Albright-Knox Public Art Initiative       ...........................Public Art - Table of Contents

"Balancing Act II"
44 Brayton St. at West Utica St., Buffalo, New York
By Aakash Nihalani


Aakash Nihalani (American, born 1986)




sStel, aluminum, and acrylic polyurethane
Owner: Albright-Knox Art Gallery

Aakash Nihalani’s wall-based installations and free-standing sculptures playfully disrupt our perception of space with minimal means. These typically include geometric figures traced out with tape in the case of his murals and simple steel and aluminum shapes in the case of Balancing Act II and other sculptures. His work often seems designed to be photographed, and the increasingly commonplace translation of artworks into digital images becomes an integral part of the project’s overall aim to blur the distinction between two and three dimensions. In Balancing Act II, this approach to form is brought to bear on what appears to be a pile of blocks captured in a precarious moment of equilibrium.
- Albright-Knox Art Gallery (online October 2019)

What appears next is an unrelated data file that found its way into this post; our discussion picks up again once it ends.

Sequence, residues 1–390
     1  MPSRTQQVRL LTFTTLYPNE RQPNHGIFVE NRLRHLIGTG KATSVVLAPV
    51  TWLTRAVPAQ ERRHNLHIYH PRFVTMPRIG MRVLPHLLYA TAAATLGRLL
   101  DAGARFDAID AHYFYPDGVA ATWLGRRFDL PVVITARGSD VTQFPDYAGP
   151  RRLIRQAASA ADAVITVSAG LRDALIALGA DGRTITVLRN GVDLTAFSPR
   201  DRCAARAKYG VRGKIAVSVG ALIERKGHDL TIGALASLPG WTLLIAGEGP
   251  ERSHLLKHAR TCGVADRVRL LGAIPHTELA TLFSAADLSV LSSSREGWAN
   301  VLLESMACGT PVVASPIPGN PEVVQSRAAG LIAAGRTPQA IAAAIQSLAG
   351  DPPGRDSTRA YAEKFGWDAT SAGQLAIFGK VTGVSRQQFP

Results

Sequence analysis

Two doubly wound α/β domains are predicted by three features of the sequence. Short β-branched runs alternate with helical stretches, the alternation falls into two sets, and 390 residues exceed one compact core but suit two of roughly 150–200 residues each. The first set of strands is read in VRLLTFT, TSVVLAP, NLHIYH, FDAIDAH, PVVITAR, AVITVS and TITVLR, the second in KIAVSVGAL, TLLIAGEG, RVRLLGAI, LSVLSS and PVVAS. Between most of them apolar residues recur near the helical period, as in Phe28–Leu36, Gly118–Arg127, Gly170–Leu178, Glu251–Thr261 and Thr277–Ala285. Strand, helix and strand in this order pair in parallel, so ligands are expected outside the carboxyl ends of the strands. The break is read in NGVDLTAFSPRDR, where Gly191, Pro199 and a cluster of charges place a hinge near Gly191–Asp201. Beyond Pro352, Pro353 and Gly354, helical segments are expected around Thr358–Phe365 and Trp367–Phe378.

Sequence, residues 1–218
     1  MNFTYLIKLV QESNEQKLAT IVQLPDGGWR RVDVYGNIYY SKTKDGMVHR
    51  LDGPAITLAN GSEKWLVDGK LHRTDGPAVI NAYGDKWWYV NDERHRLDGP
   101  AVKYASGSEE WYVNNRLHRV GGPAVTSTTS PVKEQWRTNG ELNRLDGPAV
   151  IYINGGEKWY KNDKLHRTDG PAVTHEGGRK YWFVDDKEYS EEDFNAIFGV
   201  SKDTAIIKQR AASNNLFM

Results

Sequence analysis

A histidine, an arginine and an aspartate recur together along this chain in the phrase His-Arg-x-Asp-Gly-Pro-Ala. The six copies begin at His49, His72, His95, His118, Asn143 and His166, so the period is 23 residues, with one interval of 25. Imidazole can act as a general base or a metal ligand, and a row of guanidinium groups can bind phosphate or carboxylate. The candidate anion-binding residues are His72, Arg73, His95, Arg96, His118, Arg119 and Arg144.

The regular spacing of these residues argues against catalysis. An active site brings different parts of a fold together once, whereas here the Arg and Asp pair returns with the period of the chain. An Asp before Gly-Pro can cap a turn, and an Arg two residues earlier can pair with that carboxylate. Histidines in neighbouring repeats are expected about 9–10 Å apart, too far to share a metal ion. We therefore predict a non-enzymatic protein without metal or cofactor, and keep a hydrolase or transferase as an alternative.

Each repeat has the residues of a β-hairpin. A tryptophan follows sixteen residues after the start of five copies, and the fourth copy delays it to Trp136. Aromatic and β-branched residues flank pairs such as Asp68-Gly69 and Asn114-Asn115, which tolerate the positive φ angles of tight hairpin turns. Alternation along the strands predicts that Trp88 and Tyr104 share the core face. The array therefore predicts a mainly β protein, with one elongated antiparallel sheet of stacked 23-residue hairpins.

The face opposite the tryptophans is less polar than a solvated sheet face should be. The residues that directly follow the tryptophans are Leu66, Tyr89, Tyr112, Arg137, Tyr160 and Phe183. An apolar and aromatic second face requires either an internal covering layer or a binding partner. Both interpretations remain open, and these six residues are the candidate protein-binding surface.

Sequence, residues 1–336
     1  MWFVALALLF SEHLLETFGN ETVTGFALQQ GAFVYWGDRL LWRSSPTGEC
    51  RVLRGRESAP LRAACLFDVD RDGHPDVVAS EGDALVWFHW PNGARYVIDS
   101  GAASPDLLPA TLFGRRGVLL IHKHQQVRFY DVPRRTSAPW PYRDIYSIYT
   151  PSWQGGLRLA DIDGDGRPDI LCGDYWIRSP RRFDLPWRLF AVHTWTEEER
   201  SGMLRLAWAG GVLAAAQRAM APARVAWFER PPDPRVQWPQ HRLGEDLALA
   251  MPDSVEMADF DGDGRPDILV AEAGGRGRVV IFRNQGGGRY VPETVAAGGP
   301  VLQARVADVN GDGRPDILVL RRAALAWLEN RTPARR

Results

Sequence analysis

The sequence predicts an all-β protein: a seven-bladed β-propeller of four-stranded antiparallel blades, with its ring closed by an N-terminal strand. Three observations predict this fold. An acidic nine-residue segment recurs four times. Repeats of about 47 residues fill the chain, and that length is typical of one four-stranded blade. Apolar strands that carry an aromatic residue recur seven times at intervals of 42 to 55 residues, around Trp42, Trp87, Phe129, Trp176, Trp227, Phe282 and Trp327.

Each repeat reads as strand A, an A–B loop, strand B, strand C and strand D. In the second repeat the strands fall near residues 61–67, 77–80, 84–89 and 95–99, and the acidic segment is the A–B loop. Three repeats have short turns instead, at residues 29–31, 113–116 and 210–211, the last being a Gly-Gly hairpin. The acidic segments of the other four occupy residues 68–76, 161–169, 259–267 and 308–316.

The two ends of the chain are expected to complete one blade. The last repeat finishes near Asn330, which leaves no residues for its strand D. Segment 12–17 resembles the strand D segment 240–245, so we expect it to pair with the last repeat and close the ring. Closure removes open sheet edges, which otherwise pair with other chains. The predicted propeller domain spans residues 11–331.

Partial reprint

This is NOT a rendering… Balancing Act II is TRIPPY!

By  Queenseyes
Buffalo Rising, August 3, 2019  (online October 32019)

Five Points Bakery has added a super cool and mind-bending work of art to its growingly complex landscape. This time, the baking campus has added a work from internationally acclaimed artist Aakash Nihalani, who is based in Brooklyn. The “trippy” sculpture is on loan from the Albright-Knox for three years – hopefully, like Shark Girl, this dynamic work of art will one day become a permanent addition to Buffalo’s public artscape.

I love this sculpture. It’s cartoonish one second and part of the farm landscape the next. It looks out of place, yet like it belongs. Any work of art that can push people to question its existence is pretty bad-ass. It’s one dimensional. But it appears to be three dimensional … from the fourth dimension. It’s a cubed-pixelated masterpiece right out of a dated video game, mashed together with Tetris. Or an episode of Family Guy in the low resolution “blocky universe” (a universe in the multiverse).

“I’ve been working with Aaron Ott from the Albright for a while trying to find a piece that would be great in that location. They have been incredible to work with and I’m so excited it’s finally in,” said Five Points Bakery owner Kevin Gardner. “And yeah it’s trippy. It looks Photoshopped in pictures!”

October 14, 2019 Photos

View towards 44 Brayton Street   ...   The sculptrue gives the illusion of tilting and toppling blocks caught in a state of suspended animation

View towards 44 Brayton Street

Side view of the sculpture   ...    The sculpture is a  two-dimensional piece that looks three-dimensional

View towards West Utica and Rhote Island Streets

View towards West Utica and Rhote Island Streets

Photos and their arrangement 2019 Chuck LaChiusa
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